In the excitement surrounding the unveiling of Detroit's economy car lines these past weeks it wouldn't have been hard to overlook a note concerning quite an opposite automotive move. That genteel English firm Rolls-Royce Ltd. is coming out with a new model that, at two inches under 20 feet, is longer, more powerful and more expensive than ever.
To be known as the Phantom V, this new supersedan will sell for roughly $24,000, provided you don't want such extras as an espresso coffeemaker or hot running water.
The thought that a Rolls-Royce has grown to be longer even than, well, say a Cadillac, may disturb traditionalists who have come to revere an automobile company so conservative it hasn't changed its radiator grille design in 55 years. Now, as reassurance that a Rolls is a Rolls is a Rolls, comes another item.
This concerns the Danish Veteran Car Club, which not so long ago got a tip from a coachman's son that a car had been walled up in Beldringe Castle on Zealand Island for years. The club remembered that the old Baron Raben-Levetzau, the castle owner, once owned a Rolls-Royce which disappeared 30 years ago.
Would the present baron let the club look around the castle grounds? Of course, said Johan Otto Baron Raben-Levetzau. The search led finally to an old carriage house, long since remodeled as a granary. There a brick wall seemed to seal off a dead space behind it. Hammer a hole, said the baron. Through the wall they went; and there, inside, was a magnificent 1911 Rolls-Royce Silver Ghost, its tires rotted, leather seats hard as stone, but metal work and engine flawless. At first crank the motor turned over, and in short order the reconditioned Silver Ghost (cost in 1911 $16,000 or so, length one inch under 18 feet) was on the road, with the baron enthusiastically behind the wheel.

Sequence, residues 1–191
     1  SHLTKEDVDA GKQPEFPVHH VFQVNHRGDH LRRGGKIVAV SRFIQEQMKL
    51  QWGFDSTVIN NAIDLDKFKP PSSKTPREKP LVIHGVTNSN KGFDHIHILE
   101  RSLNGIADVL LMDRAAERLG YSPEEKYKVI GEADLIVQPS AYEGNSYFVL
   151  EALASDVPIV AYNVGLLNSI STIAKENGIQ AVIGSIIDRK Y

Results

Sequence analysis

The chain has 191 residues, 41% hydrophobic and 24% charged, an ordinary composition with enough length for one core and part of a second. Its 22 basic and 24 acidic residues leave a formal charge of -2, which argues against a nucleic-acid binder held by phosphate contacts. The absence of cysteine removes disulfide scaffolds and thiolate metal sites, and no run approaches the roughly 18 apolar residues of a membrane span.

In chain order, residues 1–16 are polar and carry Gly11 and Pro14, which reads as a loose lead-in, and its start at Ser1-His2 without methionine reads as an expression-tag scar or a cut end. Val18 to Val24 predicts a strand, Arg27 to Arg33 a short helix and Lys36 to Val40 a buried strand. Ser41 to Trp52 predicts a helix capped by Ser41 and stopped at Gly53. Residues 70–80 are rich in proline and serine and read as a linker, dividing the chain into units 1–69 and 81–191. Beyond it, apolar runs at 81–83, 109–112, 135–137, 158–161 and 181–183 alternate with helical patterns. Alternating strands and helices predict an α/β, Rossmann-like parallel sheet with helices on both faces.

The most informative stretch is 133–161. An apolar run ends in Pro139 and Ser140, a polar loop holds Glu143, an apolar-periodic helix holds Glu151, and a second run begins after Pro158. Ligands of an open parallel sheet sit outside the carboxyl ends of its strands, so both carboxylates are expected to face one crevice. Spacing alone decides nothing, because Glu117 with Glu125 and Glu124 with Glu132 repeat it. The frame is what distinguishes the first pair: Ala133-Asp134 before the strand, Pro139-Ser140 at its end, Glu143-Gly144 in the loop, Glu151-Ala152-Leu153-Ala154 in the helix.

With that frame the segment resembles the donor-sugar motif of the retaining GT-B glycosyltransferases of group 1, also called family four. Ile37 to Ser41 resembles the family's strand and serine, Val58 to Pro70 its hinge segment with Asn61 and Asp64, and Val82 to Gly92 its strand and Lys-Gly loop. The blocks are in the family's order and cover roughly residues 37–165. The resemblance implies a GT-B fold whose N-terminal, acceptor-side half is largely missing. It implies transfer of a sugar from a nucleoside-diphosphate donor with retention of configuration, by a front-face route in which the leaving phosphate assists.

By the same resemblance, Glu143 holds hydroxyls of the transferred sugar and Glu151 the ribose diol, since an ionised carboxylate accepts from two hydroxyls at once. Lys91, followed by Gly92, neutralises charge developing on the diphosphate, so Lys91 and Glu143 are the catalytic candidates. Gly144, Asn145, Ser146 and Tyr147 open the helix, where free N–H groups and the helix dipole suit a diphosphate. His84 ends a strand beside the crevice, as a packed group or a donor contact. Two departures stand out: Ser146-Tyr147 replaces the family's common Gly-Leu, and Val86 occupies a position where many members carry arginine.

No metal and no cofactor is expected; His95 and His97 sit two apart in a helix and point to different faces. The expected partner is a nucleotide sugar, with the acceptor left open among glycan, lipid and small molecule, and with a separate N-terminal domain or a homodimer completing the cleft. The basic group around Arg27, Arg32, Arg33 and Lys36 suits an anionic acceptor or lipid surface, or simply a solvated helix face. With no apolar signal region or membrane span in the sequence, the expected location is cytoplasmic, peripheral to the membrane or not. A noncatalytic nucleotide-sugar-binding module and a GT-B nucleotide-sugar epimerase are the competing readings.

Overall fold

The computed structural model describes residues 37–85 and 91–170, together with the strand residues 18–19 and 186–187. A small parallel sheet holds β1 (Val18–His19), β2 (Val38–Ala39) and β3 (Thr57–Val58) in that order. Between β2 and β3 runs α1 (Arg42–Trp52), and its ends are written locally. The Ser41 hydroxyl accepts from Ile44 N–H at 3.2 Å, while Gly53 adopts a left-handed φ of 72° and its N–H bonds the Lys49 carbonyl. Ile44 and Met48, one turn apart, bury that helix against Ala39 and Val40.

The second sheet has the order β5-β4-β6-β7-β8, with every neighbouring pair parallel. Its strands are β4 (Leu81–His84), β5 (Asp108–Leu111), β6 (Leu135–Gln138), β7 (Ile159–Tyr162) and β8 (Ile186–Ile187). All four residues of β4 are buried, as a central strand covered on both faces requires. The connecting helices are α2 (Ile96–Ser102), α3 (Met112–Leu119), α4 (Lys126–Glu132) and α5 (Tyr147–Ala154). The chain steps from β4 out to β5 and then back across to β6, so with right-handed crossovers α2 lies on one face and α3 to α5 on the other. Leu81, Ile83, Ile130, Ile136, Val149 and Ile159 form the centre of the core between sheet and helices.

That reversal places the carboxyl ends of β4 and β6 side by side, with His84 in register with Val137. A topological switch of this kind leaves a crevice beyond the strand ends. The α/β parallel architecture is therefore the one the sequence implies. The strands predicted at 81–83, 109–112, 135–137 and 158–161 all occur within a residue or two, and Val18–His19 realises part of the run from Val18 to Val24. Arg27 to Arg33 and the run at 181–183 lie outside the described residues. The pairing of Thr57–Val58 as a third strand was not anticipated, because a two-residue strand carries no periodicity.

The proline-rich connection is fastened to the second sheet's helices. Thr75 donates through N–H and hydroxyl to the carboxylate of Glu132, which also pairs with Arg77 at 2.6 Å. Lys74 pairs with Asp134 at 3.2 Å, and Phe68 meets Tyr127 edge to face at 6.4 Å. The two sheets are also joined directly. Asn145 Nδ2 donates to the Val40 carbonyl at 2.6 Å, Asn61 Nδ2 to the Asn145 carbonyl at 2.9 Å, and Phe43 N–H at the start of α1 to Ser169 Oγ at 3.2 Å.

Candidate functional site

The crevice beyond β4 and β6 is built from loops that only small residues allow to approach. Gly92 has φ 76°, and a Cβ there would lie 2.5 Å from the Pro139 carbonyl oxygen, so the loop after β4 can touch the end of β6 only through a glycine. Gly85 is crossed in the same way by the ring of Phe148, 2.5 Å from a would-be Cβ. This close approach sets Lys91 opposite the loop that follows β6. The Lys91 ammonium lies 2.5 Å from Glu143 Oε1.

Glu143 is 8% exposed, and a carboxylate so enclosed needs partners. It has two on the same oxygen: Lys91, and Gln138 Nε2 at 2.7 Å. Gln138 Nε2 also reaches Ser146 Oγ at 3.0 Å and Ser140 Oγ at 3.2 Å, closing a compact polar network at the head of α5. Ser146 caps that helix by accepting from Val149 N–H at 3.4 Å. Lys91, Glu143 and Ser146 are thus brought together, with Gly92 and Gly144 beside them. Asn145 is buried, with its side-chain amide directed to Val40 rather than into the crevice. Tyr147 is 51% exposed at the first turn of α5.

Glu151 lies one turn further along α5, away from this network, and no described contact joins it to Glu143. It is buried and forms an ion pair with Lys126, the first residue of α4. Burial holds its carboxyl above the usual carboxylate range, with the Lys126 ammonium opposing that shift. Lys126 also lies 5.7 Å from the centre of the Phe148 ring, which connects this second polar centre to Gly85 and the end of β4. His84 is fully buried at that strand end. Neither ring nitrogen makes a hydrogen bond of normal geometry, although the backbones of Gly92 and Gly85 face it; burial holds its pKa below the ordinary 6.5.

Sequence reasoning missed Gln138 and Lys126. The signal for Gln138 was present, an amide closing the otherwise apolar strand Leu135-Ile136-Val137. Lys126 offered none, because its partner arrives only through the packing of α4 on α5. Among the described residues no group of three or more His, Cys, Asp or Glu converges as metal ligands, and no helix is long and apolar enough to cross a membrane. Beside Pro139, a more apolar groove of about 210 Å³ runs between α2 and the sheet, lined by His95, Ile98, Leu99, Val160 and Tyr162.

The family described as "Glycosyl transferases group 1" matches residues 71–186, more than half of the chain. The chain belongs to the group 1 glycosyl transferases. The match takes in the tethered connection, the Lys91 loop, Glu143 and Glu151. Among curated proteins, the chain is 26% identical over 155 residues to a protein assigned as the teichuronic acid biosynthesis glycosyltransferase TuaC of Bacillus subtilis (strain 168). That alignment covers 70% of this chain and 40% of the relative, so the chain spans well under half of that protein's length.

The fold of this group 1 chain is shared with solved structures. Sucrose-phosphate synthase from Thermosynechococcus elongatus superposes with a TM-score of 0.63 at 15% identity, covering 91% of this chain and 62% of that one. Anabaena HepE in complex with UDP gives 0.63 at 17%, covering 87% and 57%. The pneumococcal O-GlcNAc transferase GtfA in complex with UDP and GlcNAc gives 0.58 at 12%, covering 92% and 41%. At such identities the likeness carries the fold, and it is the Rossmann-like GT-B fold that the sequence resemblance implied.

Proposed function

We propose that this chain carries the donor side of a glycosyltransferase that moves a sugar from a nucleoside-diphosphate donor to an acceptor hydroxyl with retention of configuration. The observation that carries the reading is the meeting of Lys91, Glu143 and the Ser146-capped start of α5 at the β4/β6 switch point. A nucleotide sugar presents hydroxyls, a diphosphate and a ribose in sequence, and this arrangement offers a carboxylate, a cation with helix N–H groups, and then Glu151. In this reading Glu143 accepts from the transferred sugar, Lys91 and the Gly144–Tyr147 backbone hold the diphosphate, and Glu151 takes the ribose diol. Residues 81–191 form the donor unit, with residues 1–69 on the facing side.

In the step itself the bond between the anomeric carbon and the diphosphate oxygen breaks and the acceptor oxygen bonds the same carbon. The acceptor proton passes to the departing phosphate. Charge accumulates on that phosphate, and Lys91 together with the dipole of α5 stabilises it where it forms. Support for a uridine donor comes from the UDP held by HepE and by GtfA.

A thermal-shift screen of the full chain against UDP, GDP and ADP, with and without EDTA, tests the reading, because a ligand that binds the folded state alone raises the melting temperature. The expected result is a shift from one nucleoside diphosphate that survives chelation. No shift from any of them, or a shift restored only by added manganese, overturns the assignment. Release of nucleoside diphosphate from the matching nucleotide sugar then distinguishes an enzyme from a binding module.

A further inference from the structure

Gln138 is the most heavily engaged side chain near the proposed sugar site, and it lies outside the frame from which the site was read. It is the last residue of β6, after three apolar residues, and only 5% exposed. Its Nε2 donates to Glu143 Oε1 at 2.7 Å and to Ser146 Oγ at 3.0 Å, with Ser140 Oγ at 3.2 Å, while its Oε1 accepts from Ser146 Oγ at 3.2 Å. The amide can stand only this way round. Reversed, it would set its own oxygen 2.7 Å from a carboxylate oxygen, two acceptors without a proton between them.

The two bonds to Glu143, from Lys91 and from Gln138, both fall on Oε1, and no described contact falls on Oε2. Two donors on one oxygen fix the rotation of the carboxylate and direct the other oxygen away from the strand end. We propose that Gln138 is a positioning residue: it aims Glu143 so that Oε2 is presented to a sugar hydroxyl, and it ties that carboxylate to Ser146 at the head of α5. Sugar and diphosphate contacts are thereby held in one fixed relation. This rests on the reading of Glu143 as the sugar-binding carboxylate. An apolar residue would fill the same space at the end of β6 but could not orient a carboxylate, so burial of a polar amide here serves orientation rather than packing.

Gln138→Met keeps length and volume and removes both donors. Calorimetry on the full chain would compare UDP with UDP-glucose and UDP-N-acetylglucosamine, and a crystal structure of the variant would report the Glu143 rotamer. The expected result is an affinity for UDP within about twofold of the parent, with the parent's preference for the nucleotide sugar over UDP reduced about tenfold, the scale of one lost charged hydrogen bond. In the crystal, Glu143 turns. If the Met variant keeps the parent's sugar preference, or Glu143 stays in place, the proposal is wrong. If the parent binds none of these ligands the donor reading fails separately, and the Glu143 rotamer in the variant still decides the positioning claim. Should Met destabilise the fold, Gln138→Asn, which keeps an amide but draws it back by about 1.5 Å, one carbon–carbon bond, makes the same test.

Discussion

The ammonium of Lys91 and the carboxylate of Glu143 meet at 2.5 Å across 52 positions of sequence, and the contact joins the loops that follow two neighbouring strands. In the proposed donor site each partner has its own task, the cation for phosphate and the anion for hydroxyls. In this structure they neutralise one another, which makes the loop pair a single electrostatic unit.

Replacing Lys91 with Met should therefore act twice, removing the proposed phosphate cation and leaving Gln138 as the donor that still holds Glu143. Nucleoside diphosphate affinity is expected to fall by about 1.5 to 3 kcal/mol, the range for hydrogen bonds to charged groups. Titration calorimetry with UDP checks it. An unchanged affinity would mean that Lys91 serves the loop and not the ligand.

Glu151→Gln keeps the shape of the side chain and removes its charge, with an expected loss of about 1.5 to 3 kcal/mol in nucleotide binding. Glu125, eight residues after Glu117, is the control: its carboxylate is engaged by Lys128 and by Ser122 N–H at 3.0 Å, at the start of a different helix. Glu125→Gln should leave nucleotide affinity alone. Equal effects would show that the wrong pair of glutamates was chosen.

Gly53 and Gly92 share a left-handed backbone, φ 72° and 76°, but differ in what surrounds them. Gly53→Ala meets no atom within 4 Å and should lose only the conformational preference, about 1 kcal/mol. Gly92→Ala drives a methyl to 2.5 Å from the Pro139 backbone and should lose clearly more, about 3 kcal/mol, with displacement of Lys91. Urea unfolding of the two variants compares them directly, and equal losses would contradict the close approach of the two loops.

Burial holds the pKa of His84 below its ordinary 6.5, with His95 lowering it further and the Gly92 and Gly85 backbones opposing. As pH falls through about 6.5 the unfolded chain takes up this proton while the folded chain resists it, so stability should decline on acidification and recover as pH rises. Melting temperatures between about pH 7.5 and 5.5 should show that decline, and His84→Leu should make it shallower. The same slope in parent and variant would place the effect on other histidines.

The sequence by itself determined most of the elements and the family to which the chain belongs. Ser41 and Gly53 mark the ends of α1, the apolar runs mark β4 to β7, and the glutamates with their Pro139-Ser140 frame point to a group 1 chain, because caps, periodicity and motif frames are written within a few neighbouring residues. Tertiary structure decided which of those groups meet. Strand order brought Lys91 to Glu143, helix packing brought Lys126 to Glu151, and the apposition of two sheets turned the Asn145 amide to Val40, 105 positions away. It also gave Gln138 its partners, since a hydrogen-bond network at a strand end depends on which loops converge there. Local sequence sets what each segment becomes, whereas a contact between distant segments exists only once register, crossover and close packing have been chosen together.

A man who thought he had no interest in automobiles, the baron, at 52, has joined the car club. "Very badly bitten," he says now.
Wait Till Next Year
When Mickey Thompson was a teen-ager in El Monte, California he somehow missed out on the common idol worship of his generation for Joe DiMaggio; his mind was too full of the doings of England's John Cobb as Cobb broke automobile speed record after speed record on Utah's Bonneville salt flats. When Cobb's twin-engined special set a land record of 394.2 mph in 1947, Mickey Thompson promised himself that he would beat that record some day. Early last week, in a home-built, four-engined special of his own called Challenger I, 30-year-old Mickey made Bonneville smoke with his speed. John Cobb's record still eluded him, but if ever a man was entitled to tell the world "wait till next year" it was Mickey Thompson.
His Challenger is a sky-blue guided missile of a car, designed on the exquisitely logical principle that if one engine drives a vehicle 100 mph, four engines will drive it 400 mph. Challenger won't get out of low gear until 210 mph, needs a parachute to slow it down and an oxygen supply for the driver to keep him from being gassed in the tiny cockpit where he lies nearly horizontal, rather like Mme. Récamier on her chaise longue. The car's four Pontiac engines sit in pairs at the front of the 30-inch-high hood. The forward engines, with transmissions facing the front, are linked to the front axle by two differential gears, while the rear engines power the rear wheels through a drive shaft.
Behind this mass of exploding energy, fueled with nitro and alcohol, is the driver, Mickey, working four clutches through a single operating arm and hoping he can keep the aluminum craft from taking off like an airplane.